Explore BrainMass
Share

Explore BrainMass

    Supporting Student Understanding: Instruction and Assessment

    This content was COPIED from BrainMass.com - View the original, and get the already-completed solution here!

    1. What is a matter of understanding? What knowledge is worth understanding (priorities)?

    2. What is Understanding and apparent understanding? What does our language reveal about understanding? What is student misunderstanding and what does it tell us?

    3. What does each facet of the Six Facets of Understanding implies when we
    truly understand?

    4. Assessments for understanding at various levels: How to design assessments that support understanding: a. Rubrics, b. Standards of Assessment, and c. Knowledge (performance) versus insight

    © BrainMass Inc. brainmass.com October 10, 2019, 3:43 am ad1c9bdddf
    https://brainmass.com/education/learning-teaching/supporting-student-understanding-instruction-and-assessment-432823

    Solution Preview

    1. Prioritizing knowledge using McTighe's pyramid graphic assists teachers in focusing their instruction of students. At the bottom of the pyramid, and therefore of lesser significance, are facts and skills. While they do contribute to a student's understanding of an essential concept, they do not represent the heart of knowledge. The next level in the pyramid are key concepts and core processes. These represent a more complex level of understanding; the student is moving towards deeper, more transferable knowledge when they internalize the key concepts and processes related to an essential understanding. The most significant part of the pyramid, the tip of the pyramid, contains the principles and generalizations a student acquires when they reach this highest level of understanding. While it does not represent the quantity of information the other two portions of the pyramid contain, it is the deepest level of knowledge we can bring our students to. With these core principles and generalizations students have mastered the essential knowledge and are able to connect this knowledge across disciplines, synthesize new ideas, and evaluate thoughts and ideas in this area of knowledge. For example, take the concept or theme of power. At the base level of the pyramid, we would want students to learn facts related to power, such as the power structure of specific government entities. The exact executive functions of the President of our country would be facts for students to learn. The next level of the pyramid would have us teaching our students how the President's powers ...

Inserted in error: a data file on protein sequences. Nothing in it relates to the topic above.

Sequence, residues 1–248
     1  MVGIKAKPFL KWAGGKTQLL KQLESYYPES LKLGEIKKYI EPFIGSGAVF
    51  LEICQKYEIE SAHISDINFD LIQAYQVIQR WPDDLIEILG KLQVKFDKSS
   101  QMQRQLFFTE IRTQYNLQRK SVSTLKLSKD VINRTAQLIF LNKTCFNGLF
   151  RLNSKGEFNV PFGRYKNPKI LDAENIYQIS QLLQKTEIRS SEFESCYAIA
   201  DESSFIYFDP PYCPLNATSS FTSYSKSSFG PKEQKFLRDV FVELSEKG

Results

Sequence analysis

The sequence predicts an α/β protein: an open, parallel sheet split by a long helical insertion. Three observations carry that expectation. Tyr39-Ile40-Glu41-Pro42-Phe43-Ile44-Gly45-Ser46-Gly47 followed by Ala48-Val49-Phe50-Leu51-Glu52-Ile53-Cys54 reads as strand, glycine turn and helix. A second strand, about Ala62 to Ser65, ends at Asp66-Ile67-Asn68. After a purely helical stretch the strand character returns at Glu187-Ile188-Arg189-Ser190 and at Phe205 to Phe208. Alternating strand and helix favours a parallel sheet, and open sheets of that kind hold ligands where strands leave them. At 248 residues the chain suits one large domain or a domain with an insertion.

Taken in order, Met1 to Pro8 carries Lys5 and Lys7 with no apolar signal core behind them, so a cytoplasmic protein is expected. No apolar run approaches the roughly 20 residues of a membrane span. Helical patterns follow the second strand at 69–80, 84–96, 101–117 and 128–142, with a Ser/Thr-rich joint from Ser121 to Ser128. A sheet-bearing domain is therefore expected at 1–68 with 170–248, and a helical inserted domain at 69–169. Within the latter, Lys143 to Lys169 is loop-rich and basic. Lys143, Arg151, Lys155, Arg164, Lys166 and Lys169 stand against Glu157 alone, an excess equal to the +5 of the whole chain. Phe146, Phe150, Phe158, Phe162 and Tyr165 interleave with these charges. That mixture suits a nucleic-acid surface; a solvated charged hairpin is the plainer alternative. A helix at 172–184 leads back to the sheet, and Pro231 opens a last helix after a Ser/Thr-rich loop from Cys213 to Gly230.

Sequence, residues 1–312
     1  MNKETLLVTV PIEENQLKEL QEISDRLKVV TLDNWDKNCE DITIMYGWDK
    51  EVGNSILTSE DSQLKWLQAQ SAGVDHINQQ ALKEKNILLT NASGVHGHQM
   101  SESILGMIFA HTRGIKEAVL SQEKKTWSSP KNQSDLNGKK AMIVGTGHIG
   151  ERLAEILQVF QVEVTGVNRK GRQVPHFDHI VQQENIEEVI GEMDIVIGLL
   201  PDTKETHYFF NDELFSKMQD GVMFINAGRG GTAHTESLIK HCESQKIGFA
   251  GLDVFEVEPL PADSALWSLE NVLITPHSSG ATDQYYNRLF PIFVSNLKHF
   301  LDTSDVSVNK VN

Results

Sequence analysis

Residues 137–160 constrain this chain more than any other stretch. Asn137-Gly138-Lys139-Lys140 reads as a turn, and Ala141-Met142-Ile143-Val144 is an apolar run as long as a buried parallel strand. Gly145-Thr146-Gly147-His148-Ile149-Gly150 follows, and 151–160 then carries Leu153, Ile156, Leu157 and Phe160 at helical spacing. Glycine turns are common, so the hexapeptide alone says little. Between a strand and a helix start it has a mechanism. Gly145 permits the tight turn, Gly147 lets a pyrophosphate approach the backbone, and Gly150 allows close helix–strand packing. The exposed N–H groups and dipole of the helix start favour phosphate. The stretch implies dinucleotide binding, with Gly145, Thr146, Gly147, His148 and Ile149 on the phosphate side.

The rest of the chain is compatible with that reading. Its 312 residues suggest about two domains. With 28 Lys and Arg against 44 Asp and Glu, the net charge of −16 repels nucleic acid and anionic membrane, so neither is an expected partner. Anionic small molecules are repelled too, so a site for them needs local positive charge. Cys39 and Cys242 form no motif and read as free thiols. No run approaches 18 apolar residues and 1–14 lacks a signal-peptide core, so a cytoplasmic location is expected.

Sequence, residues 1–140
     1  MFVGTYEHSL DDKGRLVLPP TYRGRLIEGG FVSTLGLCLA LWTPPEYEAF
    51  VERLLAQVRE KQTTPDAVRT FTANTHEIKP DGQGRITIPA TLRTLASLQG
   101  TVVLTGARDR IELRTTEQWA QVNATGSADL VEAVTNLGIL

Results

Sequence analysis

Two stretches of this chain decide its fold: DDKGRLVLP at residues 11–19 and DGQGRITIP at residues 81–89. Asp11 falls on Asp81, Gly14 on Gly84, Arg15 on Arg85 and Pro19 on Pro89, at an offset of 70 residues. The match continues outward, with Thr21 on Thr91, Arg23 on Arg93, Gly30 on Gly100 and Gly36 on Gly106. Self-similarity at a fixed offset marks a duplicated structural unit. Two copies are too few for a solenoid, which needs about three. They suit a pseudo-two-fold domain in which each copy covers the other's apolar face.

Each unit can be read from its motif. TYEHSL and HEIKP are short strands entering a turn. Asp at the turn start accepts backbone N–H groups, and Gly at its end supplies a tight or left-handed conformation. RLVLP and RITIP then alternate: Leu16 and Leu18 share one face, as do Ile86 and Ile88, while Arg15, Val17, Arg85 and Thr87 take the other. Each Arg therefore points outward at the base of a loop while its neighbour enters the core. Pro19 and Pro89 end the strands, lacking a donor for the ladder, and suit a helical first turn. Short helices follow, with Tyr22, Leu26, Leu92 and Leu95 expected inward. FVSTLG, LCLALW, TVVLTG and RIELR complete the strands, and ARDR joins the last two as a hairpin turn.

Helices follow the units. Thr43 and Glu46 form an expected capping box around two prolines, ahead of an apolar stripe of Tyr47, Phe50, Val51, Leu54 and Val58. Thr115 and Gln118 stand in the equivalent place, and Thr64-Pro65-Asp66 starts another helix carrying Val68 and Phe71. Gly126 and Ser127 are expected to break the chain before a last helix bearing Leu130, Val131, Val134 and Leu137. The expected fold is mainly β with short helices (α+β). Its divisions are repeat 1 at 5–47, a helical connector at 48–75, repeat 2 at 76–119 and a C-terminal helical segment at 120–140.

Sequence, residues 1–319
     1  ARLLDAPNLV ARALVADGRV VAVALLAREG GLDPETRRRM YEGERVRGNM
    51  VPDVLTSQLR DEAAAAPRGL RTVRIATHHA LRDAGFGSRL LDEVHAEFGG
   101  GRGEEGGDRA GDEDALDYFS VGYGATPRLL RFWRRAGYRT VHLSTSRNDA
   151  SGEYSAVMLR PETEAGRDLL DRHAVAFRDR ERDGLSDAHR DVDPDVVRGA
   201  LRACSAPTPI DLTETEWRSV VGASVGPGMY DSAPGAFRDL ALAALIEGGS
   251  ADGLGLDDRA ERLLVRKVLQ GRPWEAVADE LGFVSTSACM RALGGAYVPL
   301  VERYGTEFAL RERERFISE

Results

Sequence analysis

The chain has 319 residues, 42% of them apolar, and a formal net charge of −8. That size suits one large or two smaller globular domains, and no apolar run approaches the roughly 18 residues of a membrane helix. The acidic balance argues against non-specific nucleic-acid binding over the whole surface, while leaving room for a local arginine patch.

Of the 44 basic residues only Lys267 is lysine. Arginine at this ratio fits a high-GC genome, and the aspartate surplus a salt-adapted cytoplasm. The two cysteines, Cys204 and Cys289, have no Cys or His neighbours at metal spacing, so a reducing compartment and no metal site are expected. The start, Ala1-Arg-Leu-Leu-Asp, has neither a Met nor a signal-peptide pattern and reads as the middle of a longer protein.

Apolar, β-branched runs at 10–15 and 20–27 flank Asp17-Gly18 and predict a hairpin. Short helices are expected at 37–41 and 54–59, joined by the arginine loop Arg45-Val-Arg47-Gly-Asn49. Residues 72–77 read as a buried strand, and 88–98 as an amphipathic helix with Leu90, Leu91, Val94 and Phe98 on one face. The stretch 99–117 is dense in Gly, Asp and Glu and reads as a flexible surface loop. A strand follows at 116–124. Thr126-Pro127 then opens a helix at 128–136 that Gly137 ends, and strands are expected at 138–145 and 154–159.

Solution Summary

    Analyzes how teachers can guide students to understanding of key concepts and ideas using Wiggins and McTighe's Six Facets of Understanding. Provides specific strategies to use in the classroom.

    $2.19